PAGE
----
Bethlehem Christian College in Tauranga (1500 students) was a truly beautiful campus of 135 acres. The main focus of the principal’s discussion with us was the recent audit that the school had undertaken to ensure that they were remaining true to their classification as an “integrated school of special character” as all of these schools are labelled by the government. The results of that audit were surprising and the outcome of that audit meant that very deliberate steps were taken in order to maintain their uniquely Christian character. This was an important, at times painful, but necessary journey which resulted in a new curricular approach and a new College plan.

Middleton Grange School (1500 students) has been operating for 50 years. I was very impressed how the use of monuments and landscape features contributed to reinforcing the values that school is based upon and serve as reminders to their students. This school was also doing some very innovative things in terms of their lesson planning and their classroom delivery. We were also privileged to join with the College in their Anzac service. It was quite a different Anzac service to the traditional one that we were used to but no less meaningful or impressive. As we left Middleton Grange it was the topic of some exuberant discussion.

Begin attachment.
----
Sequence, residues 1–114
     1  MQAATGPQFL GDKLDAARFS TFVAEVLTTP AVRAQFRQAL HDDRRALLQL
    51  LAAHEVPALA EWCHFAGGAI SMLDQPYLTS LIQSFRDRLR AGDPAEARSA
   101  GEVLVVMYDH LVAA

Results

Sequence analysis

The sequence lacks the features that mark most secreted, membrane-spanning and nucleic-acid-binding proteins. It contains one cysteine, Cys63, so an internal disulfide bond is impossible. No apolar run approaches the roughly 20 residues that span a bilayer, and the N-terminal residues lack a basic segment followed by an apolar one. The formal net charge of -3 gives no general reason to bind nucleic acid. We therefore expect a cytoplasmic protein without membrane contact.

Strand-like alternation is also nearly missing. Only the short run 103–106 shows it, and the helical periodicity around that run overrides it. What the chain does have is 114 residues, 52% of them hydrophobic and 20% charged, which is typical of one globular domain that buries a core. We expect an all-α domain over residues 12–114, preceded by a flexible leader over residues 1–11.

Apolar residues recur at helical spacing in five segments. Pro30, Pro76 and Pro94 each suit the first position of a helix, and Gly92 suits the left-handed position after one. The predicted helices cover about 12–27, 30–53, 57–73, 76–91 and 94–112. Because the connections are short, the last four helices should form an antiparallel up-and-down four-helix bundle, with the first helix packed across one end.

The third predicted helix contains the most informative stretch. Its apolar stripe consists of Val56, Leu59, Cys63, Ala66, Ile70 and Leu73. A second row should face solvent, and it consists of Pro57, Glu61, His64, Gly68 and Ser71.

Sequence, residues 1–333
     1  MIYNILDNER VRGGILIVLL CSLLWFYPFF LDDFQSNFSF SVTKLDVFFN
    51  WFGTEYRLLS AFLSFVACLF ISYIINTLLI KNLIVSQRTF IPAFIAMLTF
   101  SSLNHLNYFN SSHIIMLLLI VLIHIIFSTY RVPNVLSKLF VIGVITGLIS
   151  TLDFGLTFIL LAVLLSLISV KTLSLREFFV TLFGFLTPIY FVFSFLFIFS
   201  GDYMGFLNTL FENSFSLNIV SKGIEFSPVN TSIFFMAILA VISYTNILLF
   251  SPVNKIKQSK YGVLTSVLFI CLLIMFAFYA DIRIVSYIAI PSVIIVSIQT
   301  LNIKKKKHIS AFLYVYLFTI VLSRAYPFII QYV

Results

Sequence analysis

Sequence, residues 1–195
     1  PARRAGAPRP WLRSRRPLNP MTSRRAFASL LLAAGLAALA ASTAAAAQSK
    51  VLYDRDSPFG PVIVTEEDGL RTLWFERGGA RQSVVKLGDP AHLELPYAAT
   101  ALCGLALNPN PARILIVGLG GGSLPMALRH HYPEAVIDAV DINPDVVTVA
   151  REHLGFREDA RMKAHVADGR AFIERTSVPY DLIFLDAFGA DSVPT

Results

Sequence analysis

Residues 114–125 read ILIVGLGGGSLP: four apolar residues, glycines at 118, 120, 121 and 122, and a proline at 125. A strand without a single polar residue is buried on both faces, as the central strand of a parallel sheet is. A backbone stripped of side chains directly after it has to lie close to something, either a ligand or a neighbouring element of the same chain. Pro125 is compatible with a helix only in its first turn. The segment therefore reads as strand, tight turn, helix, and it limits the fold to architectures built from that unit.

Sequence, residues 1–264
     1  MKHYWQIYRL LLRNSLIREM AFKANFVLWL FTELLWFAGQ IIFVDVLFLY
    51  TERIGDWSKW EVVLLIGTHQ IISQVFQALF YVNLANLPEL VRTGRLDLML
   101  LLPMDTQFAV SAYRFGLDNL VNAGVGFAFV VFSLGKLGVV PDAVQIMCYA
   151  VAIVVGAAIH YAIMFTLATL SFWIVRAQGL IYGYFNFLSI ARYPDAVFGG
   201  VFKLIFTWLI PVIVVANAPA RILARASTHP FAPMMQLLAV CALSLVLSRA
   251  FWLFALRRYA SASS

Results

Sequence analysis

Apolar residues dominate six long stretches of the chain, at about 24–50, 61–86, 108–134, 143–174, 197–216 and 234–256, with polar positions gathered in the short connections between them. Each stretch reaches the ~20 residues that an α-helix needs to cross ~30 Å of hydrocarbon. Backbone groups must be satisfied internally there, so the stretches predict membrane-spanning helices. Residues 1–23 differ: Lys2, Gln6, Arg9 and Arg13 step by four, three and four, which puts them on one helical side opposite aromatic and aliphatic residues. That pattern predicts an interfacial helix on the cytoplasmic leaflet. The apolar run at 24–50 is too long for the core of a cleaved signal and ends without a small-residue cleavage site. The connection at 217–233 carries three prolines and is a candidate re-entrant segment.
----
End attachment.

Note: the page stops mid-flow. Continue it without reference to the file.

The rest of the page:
Hillview Christian School was a P-6 school in Christchurch with a student population of about 500. Unlike Middleton Grange, which is also in Christchurch, Hillview was deeply impacted by the earthquake that struck there in February 2011. The Hillview experience was a study in how pivotal the role a school has to play for the community it serves when disaster strikes and it was fascinating to hear the principal discuss his recollections of how Hillview needed to respond on that terrible day. It was a timely reminder for us to ensure that our emergency procedures and our critical incident policy will be able to pass muster should a drastic incident occur. Hillview were also adopting an interesting discipline system which polarised the members of our study party but we could see the parallels between their system and our own Responsible Thinking Process.

We were further reminded of the earthquake prone nature of the ‘shaky isles’ as we experienced a tremor in Christchuch. We discovered that the epicentre of the quake was several 100 kms away but nonetheless an interesting end to our day.

It was an incredibly valuable tour and I would like to thank Christian Schools Australia for organising the trip, all of the schools involved, our College board for allowing us this opportunity and for Mrs Mitchell and Mr Steffler for their expert leadership of the Primary, Middle and Senior schools while the management team was absent.

Mike Curtis, Principal